Constructing 'Monsters' in Shakespearean Drama and Early Modern Culture

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Palgrave Macmillan, Oct 28, 2002 - Drama - 262 pages
Constructing 'Monsters' in Shakespearean Drama and Early Modern Culture argues for the crucial place of the 'monster' in the early modern imagination. The author traces the metaphorical significance of 'monstrous' forms across a range of early modern exhibition spaces - fairground displays, 'cabinets of curiosity' and court entertainments - to contend that the 'monster' finds its most intriguing manifestation in the investments and practices of contemporary theater. The study's new readings of Shakespeare, Marlowe, and Jonson make a powerful case for the drama's contribution to debates about the 'extraordinary body'.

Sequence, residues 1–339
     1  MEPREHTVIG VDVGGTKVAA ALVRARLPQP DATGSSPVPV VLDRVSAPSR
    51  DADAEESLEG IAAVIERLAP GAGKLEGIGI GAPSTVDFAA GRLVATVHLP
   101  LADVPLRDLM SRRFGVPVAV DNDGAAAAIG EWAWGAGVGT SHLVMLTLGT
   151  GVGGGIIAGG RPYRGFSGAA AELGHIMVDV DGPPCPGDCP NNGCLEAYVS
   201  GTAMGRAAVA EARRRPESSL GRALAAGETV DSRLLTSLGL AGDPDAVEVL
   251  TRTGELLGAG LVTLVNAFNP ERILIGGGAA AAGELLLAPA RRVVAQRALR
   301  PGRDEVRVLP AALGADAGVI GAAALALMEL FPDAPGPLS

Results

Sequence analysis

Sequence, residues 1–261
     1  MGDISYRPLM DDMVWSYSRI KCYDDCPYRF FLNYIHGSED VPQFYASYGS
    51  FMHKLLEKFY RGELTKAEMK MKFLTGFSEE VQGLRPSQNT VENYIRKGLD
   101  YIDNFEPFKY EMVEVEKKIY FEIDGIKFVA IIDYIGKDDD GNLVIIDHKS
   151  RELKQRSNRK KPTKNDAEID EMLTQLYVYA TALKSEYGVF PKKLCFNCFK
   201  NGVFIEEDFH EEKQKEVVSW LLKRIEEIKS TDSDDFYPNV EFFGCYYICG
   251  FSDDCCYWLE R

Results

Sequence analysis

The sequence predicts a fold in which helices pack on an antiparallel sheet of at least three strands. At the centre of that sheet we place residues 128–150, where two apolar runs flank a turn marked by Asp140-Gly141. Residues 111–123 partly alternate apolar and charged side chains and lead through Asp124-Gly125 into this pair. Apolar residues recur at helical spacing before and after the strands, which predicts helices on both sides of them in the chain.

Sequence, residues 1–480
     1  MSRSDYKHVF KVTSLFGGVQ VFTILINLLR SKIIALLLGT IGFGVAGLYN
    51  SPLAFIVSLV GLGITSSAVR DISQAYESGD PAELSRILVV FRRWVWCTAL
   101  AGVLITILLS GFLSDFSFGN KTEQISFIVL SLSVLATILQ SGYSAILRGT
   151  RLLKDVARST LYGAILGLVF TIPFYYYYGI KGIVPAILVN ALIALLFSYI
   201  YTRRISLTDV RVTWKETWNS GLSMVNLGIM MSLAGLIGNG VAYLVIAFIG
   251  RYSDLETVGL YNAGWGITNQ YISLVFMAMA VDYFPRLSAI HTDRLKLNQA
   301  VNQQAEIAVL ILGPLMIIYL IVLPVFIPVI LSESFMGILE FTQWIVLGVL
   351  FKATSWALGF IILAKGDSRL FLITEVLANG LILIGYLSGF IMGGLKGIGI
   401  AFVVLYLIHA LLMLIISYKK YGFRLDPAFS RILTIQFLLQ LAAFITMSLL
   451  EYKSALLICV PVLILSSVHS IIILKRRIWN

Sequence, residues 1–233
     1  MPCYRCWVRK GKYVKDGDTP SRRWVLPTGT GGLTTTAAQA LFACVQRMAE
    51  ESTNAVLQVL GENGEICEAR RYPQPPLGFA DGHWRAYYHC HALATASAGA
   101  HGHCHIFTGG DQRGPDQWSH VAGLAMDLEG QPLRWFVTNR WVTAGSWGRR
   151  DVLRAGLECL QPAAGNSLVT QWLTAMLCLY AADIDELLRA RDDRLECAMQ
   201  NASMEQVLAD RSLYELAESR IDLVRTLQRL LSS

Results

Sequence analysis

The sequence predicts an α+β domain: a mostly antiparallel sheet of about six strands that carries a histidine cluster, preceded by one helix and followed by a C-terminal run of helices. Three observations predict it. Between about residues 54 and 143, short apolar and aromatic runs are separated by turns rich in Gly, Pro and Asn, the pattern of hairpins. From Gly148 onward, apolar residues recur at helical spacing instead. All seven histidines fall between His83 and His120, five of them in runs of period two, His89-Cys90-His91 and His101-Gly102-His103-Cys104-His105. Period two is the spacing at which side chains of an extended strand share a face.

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About the author (2002)

MARK THORNTON BURNETT is a Reader in English at Queen's University, Belfast. He is author of Masters and Servants in English Renaissance Drama and Culture: Authority and Obedience, editor of Christopher Marlowe: The Complete Plays and Christopher Marlowe: The Complete Poems.